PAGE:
Click on each topic for more information



Import regulations and customs duties  - Distribution - Transportation of goods - Standards - Patents and brands

Import regulations and customs duties

Uruguay has a liberal import policy. There is no quota system. License is required for the import of products such as medical equipment, chemicals, cattle, sugar, cereals, meat and flour. All importers should nevertheless be registered with the Central Bank and declare all their imports by filling an import declaration. Recording Certificates are valid for 180 days. A deadline for customs clearance of the goods is fixed.


Customs duties
Uruguay applies the harmonised Customs System. Customs duties are calculated Ad valorem on the CIF value of the goods. However, Uruguay applies some minimum price for textile and clothing imports. Importers have to pay the difference between the amount of the invoice and the minimum price. The custom duties are payable on that minimal price. Uruguay is not part of the WTO.

Uruguay is a member of the MERCOSUR (Mercado Comun del Sur, gathering Argentina, Brasil, Paraguay and Uruguay), aimed at creating a free trade zone, a common external tariff and a free circulation zone for goods, services, capitals and persons. Customs duties between member countries were theoretically abolished in 1994, with nevertheless a lot of exceptions, according to the "adaptation regime" (Regimen de adecuacion).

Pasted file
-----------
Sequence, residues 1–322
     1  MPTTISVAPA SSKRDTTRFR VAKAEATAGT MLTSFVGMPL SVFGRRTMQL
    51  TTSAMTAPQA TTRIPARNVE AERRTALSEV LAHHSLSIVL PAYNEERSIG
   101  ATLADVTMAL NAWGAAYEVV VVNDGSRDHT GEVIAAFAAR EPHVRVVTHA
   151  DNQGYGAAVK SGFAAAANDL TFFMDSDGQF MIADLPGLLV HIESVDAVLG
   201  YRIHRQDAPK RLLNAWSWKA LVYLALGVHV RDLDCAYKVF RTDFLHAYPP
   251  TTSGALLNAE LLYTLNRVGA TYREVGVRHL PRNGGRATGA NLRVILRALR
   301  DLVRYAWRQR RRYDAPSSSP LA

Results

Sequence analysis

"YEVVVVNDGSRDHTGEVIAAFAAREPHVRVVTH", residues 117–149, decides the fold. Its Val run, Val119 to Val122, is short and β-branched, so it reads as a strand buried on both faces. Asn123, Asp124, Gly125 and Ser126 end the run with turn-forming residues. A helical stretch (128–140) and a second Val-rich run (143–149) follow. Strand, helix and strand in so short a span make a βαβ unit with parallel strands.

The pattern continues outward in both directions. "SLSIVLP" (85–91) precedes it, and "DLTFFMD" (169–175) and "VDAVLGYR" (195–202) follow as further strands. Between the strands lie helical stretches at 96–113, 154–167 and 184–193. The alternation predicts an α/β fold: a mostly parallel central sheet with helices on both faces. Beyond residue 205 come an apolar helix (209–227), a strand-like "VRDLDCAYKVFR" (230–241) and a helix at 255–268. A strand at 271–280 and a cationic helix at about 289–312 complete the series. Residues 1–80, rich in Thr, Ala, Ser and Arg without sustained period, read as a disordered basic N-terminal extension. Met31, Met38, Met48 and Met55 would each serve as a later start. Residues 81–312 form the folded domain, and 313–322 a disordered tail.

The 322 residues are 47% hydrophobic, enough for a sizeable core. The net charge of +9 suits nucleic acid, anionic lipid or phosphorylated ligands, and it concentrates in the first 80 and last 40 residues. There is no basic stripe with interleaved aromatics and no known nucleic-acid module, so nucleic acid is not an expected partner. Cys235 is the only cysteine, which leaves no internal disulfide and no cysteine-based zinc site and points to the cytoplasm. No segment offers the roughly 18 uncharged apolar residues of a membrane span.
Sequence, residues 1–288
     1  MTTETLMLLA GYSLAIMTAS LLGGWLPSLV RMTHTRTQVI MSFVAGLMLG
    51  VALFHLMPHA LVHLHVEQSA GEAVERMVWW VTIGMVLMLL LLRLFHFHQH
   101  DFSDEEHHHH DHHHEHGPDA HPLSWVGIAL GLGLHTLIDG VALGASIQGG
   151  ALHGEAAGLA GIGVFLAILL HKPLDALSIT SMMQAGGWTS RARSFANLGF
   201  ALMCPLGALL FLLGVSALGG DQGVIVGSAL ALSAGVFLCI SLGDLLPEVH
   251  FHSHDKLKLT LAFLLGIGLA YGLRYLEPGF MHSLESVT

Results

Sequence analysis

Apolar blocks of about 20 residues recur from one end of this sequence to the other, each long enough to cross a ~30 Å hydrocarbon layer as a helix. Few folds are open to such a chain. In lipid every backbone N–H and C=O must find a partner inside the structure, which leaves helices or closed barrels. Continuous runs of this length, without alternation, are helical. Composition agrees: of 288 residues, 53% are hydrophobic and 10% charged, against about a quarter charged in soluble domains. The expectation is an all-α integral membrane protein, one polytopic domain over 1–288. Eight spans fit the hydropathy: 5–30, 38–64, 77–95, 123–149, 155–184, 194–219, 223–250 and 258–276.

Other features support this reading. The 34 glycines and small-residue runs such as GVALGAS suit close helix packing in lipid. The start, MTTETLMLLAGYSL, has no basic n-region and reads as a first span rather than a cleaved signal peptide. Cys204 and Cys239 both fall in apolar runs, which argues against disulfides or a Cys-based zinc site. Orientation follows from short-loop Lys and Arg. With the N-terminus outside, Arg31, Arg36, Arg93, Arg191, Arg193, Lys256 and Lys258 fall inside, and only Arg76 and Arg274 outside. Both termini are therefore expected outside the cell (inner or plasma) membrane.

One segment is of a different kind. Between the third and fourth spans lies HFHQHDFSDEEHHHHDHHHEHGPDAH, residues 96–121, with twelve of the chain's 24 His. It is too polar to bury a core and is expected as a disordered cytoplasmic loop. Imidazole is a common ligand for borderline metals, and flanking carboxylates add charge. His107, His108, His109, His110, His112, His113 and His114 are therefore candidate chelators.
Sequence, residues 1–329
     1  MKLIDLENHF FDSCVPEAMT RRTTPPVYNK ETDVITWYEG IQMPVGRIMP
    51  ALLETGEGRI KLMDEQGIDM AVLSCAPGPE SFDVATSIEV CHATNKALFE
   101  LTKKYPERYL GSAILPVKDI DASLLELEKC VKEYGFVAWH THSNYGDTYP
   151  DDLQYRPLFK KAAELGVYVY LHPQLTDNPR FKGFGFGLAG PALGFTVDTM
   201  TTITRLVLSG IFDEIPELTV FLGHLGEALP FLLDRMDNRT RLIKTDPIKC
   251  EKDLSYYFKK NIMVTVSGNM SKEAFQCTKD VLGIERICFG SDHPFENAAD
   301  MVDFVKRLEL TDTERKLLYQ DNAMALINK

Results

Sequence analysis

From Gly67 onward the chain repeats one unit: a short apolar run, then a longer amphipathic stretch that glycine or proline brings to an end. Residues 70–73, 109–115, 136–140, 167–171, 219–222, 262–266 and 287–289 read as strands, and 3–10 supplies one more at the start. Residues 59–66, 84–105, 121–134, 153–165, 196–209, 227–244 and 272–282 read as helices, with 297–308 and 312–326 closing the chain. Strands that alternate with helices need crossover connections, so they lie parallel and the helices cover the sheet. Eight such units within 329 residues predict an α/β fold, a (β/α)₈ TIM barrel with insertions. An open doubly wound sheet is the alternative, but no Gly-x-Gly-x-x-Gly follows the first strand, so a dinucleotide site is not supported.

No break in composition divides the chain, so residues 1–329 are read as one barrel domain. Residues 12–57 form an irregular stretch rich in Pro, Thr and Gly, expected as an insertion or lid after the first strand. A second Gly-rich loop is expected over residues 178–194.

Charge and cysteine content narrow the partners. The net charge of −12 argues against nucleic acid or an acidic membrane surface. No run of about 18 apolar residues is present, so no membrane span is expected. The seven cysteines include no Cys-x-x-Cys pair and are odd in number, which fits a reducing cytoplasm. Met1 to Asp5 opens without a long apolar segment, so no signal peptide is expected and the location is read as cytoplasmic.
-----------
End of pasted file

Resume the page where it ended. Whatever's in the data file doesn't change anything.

The common external tariff (CET) does ot concern all products, currently: only 75% of the tariff lines benefit from a single tariff. The goods still outside the system, for the 4 countries are: equipment goods, IT, telecommunications, cars and sugar sectors.


Import taxes
Harbour taxes are levied by the Ports National Administracion. It is applied in USD per ton. A royalty of Imports control ( TCI) of 1 % of the CIF value is charged by the Central Bank of Uruguay. There is a customs royalty (TSA) of 0.2 % on the CIF value, and a special services royalty in USD according to the value of the goods.
Besides that, Uruguay applies various taxes on sale:
- IMESI (Impuesto Especifico Interno, specific internal tax): applicable to the first sale. According to the nature of the product, it will be calculated either on the actual value of the sale or on the value that has been officially fixed by the State. The latter is set up on a six-month basis and revised every 2 months to take the inflation into account. The basis of calculation involves a discrimination between imported and local products.



The Business to Consumer (B to C) market
The main shopping centre of the country is Montevideo and its suburbs. Some other important commercial zones are: Punta east of Maldonado, Paysandu, Salto and Colonia. The urban population is very different from the rural one because of income disparities. City-dwellers consume like Europeans, while farmers consume traditionally. Tourists are characterised by their luxurious style, while the average consumer is characterised by his conservative character and his resistance to progress. The commercial distribution is handled by small and average shopkeepers with a family background. Big shopping centres have recently come up in Montevideo. At present there are 4 such centres.
The wholesale business is dominated by importers / distributors who supply big retail chains and small retail dealers.